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What is the law

The law refers to the principles and rules which govern our society. In Singapore, law can refer to legislation (passed by parliament) or common law (made by courts).

It is the duty of the courts to uphold the law and decide cases on the basis of what the law currently is. The courts are specialised according to subject matter: criminal, civil or family law.

Differences between criminal, civil and family law

Criminal, civil and family law differ in the following ways.

(Note: Scroll within the table to see more.)





What it is

Criminal law protects the public by prohibiting certain types of conduct.

Civil law deals with the rights of individuals or legal entities (such as companies). It often involves disputes between parties.

Family law deals with legal issues within the family, such as divorce, probate or family violence. It also covers the care and treatment of young persons.

Parties involved

The state prosecutes an individual for having committed a crime.

Individuals or legal entities (such as companies) may take other individuals or legal entities to court to settle a dispute.

Individuals may take other individuals to court to settle a dispute.

(The state may start a case in some situations, such as for child protection).

Possible outcomes

Persons accused of a crime may be charged in court and punished if found guilty. Punishments can include jail terms, fines or caning, among other things.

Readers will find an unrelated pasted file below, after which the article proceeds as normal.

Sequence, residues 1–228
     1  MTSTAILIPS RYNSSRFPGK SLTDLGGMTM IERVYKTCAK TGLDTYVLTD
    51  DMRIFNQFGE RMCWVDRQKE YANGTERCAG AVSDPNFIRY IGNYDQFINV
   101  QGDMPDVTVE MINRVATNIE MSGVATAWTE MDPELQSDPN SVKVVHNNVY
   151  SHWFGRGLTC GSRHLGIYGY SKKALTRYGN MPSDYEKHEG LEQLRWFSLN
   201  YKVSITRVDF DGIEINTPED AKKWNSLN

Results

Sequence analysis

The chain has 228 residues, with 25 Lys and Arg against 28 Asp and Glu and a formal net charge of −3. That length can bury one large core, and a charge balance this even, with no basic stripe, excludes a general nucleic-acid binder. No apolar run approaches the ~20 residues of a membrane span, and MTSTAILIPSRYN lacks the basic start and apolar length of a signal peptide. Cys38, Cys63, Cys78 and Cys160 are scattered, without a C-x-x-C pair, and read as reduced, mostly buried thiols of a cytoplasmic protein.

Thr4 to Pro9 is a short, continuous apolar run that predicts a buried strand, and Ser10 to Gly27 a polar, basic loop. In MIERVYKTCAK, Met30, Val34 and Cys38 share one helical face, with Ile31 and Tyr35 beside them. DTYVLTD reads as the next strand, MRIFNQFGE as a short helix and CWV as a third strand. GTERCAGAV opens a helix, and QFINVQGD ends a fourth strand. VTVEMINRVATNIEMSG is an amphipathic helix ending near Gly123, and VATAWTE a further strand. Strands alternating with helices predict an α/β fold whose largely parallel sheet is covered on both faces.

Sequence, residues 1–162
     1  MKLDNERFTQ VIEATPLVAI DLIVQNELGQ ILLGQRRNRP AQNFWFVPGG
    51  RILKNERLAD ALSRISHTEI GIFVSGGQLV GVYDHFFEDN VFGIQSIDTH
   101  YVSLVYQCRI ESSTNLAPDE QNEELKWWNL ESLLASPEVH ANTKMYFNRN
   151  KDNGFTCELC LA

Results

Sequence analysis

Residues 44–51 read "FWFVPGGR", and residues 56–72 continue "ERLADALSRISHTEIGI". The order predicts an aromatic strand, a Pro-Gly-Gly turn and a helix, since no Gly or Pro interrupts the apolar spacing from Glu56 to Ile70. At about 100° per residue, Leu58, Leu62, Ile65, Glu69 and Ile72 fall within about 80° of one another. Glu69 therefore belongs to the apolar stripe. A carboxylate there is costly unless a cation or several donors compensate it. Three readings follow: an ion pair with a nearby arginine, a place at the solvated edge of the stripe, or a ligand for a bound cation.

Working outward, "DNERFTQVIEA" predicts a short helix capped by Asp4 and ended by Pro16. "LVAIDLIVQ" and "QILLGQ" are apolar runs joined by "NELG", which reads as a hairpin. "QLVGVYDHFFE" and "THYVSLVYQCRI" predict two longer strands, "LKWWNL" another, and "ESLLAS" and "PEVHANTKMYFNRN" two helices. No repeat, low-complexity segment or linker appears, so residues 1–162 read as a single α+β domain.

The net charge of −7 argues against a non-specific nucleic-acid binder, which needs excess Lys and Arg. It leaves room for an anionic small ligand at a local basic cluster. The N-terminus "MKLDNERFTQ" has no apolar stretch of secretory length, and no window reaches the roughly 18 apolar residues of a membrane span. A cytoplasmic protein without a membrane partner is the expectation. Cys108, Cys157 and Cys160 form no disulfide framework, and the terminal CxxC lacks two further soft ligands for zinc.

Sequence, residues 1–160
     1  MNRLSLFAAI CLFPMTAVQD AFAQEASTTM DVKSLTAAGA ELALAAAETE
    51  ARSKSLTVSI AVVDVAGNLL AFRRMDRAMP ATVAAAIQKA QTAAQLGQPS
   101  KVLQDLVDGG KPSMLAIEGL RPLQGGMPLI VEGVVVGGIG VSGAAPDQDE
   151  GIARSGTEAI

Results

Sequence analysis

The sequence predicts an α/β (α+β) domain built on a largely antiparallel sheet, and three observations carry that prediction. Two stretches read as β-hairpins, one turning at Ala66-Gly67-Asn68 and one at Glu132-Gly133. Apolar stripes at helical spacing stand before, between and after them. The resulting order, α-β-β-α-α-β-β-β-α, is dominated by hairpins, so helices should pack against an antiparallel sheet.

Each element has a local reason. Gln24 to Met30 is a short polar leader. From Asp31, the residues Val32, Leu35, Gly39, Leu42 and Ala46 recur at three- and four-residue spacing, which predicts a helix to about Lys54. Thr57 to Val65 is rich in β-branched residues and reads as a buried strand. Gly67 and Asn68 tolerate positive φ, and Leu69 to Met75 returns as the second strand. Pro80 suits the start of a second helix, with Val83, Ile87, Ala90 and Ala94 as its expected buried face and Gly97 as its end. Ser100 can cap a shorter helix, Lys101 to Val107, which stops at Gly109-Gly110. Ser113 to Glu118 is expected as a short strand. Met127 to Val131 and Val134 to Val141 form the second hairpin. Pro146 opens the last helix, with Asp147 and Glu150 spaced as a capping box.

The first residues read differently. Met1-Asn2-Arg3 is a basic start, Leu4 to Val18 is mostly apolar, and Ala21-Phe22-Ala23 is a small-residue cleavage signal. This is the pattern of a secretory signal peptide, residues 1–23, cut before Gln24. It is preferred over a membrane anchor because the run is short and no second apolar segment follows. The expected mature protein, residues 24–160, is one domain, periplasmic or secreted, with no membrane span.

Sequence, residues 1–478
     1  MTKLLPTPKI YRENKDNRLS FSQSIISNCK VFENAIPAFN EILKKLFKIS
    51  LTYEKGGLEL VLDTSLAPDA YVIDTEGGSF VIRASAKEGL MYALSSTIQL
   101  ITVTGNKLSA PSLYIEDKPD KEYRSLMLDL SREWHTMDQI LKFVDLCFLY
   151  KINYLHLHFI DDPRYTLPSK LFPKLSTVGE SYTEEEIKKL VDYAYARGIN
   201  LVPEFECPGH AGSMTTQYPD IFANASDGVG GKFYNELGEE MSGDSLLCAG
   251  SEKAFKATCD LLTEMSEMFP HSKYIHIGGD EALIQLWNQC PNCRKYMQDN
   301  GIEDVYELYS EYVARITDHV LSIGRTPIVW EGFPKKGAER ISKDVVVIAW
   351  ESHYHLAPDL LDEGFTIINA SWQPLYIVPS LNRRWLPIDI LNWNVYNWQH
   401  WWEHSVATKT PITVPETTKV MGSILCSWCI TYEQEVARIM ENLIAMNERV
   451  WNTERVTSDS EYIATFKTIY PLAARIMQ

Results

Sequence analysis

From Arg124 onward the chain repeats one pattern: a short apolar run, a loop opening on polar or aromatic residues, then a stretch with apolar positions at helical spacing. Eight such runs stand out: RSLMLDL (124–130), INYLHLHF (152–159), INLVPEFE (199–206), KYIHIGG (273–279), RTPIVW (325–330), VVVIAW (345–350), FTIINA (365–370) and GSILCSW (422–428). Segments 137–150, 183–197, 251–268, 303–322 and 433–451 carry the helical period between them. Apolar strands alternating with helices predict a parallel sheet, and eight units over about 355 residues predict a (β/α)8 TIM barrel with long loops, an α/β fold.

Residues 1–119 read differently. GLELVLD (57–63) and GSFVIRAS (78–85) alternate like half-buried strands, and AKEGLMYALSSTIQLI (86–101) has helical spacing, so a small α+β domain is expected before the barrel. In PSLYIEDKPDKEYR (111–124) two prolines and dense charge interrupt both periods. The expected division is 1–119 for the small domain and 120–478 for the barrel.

Parties at fault may be ordered to pay compensation or comply with court orders.

Parties at fault may be ordered to pay compensation or comply with court orders.

Courts involved

  • State Courts.
  • High Court.
  • Court of Appeal.
  • State Courts.
  • High Court.
  • Court of Appeal.
  • Family Courts.
  • Youth Courts.
  • Family Division of the High Court.


(Note: these are not exhaustive)

  • Homicide.
  • Drug offences.
  • Sexual offences.
  • Cheating.
  • Traffic or regulatory offences.
  • Small claims.
  • Employment claims.
  • Neighbour disputes.
  • Bankruptcy.
  • Breach of contract.
  • Commercial disputes.
  • Divorce.
  • Family violence.
  • Probate and administration.
  • Maintenance.
  • Adoption.
  • Child protection.

Find out more

Note: A single set of facts can give rise to several different types of legal cases.


For example, a car accident caused by a drunk driver that resulted in brain injury to a victim may lead to one or more of the following:

  • A criminal case: The state may charge the drunk driver for driving under the influence of alcohol and causing hurt. The driver may go to jail or be fined.
  • A civil case: The victim sues the driver for the pain and suffering caused by the injuries, loss of income or future earnings. If the victim succeeds in the claim, the driver has to pay damages.

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